Frilly Pansies from 1900 and 2016The Victorians were great ones for developing new forms of old favourites. This was often driven by the enthusiasm of factory, mill and mine workers, often first or second generation city dwellers, for exhibiting auriculas, pinks and other plants including even gooseberries and rhubarb.

Some of the types grown a hundred and fifty years ago are still with us, others have disappeared and are lost forever while some have recently been upgraded. Two of plants which have benefited from recent improvements are frilly pansies and laced polyanthus.

'Victoriana Dark Red Gold Lace' polyanthusFrilly pansies had almost disappeared. But since seed was rediscovered about thirty years ago they’ve been brought back and although the flowers of ‘Fizzy Fruit Salad’ are less frilly than the old types (‘Fizzy Fruit Salad’ and ‘Fairy Queen’ from 1900 – above, click to enlarge), the straggly growth of the old types has been eliminated, plants produce more flowers for longer, and there are no plants without the waved petals.

Laced polyanthus, in which each petal is edged in silver or gold, were special favourites but with so many men away at the two world wars – many, of course, never to return – stocks declined and varieties were lost.

In the last thirty or forty years members of the National Primula and Auricula Society worked hard to bring laced polyanthus back and now commercial plant breeders have added contemporary qualities.

The ‘Victoriana’ polyanthus come in red edged in gold, and in black edged in silver. The plants are compact, the stems are stout, the heads are full of flowers, the lacing is neat and consistent, and the plants produce more stems than older types. Grow them in containers where you can admire the flowers close up or cut them for posies.

Plants of both these updated Victorian favourites – ‘Fizzy Fruit Salad’ and ‘Victoriana’ polyanthus – can be ordered now for planting in September. Expect a mass of flowers in spring.

Scent for spring – and autumn

July 15th, 2016 | Plant Talk with Graham Rice | 0 Comments

Wallflower 'Sugar Rush' flowers in both autumn and spring. - (scent)The scent of wallflowers is one of the delights of spring, especially after a shower. But the ‘Sugar Rush’ wallflower, developed in Norfolk, is not only scented but flowers in the autumn as well as the spring!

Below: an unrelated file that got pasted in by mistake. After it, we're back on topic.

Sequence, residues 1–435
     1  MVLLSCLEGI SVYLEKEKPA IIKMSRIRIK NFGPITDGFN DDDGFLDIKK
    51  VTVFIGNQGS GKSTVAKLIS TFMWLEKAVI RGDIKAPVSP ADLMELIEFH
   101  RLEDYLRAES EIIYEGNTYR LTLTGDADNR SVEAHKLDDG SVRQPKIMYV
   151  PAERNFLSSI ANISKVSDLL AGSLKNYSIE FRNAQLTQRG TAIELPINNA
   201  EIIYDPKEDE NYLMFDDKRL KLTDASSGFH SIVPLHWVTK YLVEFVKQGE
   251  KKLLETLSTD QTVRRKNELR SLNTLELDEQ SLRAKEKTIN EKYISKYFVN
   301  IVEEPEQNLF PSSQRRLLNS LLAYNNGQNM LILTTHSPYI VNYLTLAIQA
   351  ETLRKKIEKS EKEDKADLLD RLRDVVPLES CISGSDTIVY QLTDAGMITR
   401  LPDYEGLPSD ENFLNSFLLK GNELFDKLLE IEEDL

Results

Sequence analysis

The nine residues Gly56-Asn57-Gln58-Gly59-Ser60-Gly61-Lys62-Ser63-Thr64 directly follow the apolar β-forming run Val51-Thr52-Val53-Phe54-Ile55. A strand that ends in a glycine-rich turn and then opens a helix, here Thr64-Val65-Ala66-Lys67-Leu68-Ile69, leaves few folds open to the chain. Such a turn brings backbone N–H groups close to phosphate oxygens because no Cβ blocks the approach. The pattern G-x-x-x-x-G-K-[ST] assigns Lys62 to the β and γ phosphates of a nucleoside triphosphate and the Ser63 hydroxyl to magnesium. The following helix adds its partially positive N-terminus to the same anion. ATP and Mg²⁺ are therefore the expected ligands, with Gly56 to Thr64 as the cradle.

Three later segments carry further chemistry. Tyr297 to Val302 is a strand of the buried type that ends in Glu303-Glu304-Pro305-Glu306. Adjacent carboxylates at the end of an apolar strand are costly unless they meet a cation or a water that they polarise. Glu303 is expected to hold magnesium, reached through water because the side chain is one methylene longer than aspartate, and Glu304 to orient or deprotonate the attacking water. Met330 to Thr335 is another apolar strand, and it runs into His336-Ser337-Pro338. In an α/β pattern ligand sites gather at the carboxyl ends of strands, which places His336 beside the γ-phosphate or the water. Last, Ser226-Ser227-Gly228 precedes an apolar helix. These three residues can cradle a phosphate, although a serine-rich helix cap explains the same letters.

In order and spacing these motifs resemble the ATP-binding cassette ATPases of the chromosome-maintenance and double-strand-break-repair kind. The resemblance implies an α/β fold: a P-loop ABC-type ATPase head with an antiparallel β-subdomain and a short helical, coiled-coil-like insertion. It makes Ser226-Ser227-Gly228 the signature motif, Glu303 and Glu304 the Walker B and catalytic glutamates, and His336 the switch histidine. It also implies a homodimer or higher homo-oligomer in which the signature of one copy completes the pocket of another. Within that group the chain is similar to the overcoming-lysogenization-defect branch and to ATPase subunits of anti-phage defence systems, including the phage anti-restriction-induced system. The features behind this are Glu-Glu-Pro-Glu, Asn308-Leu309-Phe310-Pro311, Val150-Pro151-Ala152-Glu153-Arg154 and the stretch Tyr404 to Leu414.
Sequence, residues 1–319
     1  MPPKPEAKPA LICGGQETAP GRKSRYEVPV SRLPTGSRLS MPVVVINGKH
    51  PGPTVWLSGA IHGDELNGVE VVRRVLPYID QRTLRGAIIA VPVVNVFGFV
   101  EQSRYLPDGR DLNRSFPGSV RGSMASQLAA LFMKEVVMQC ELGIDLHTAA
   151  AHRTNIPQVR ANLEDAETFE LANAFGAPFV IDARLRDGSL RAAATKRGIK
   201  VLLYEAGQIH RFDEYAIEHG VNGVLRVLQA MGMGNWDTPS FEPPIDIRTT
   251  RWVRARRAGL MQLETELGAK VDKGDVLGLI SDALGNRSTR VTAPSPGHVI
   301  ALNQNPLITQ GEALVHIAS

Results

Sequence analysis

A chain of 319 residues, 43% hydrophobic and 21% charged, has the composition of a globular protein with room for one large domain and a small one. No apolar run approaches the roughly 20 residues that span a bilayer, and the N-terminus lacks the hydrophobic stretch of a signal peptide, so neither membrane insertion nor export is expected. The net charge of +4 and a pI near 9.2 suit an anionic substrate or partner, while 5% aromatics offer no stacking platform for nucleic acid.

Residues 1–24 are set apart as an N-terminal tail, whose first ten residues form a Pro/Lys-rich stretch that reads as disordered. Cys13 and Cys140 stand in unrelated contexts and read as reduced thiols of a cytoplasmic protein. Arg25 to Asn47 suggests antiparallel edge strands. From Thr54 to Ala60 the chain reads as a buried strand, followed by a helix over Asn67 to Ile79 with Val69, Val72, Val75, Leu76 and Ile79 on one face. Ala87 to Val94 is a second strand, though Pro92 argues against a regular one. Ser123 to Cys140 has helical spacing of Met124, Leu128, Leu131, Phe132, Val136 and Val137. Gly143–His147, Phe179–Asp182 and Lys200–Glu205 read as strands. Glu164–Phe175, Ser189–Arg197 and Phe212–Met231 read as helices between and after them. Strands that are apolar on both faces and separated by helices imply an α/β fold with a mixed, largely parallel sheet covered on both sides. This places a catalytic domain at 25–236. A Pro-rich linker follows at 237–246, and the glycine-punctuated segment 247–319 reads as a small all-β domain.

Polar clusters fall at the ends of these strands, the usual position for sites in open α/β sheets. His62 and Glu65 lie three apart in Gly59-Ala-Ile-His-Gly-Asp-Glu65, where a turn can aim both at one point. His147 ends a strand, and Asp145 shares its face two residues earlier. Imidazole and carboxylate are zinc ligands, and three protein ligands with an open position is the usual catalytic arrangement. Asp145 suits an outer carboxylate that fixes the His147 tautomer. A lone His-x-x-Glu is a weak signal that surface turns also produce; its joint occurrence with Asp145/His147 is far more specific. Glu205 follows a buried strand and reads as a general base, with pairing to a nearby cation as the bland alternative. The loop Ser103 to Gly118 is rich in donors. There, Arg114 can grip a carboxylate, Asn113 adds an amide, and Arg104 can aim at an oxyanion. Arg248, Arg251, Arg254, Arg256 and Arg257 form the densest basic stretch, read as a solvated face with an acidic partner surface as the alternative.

This one of the most useful developments in seasonal flowers as instead of a boring green bush sitting in your containers for six months before the plants flower, plant them in September and your ‘Sugar Rush’ wallflowers will flower in October and November. They’ll then take a break for the coldest months of the winter and start blooming again in march.

PDianthus 'Festival Mixed' flowers in autumn as well as spring.  - (scent)lants are little more than 35cm high, ideal in containers, and the mixture comes with six traditional wallflower colours including a fiery yellow-eyed orange.

Oh – and in dry spells you can turn on the scent with a quick spray with the mister!

But wait, there’s more. There’s also a Sweet William that flowers in the autumn as well as the spring. ‘Festival’ comes in five colours and bicolours and at 25cm the plants are a little shorter than the ‘Sugar Rush’ wallflowers. The flowers are large, too, about 4cm and each is prettily fringed. And of course there’s the scent – a mixture of sweetness and cloves.

As with the ‘Sugar Rush’ wallflowers, ‘Festival’ will flower in October and November, take a break and then get started again in March and continue till the end of May.

Just don’t mix the two in one container: the colours don’t look so good mixed together and you’ll lose the purity of the fragrances. So give them separate containers.